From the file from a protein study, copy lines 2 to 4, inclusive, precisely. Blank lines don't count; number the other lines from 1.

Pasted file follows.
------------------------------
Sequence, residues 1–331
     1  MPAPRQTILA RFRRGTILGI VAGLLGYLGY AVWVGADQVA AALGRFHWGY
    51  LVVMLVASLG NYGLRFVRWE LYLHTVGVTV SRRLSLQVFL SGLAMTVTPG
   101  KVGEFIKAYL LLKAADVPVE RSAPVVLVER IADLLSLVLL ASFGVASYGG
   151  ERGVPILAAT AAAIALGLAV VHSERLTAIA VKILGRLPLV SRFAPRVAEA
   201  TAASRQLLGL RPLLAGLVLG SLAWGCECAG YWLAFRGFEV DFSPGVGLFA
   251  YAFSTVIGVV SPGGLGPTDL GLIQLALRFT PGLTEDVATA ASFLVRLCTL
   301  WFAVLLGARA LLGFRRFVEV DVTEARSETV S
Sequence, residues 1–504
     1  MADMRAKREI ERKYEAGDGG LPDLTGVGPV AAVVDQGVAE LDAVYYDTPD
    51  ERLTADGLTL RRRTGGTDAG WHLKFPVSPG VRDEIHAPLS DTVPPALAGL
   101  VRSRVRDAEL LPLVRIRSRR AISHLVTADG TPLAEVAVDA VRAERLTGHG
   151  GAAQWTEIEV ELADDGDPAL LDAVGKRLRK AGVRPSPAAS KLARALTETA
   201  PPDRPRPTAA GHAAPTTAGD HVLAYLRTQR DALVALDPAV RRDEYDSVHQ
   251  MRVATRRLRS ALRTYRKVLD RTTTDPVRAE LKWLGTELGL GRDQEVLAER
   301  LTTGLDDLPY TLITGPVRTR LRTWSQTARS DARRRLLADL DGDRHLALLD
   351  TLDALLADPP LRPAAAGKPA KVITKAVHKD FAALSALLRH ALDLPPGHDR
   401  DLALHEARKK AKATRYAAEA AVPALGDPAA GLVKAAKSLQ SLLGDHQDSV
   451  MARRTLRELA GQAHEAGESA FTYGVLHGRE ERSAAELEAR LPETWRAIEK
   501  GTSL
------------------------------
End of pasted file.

     1  MPAPRQTILA RFRRGTILGI VAGLLGYLGY AVWVGADQVA AALGRFHWGY
    51  LVVMLVASLG NYGLRFVRWE LYLHTVGVTV SRRLSLQVFL SGLAMTVTPG
   101  KVGEFIKAYL LLKAADVPVE RSAPVVLVER IADLLSLVLL ASFGVASYGG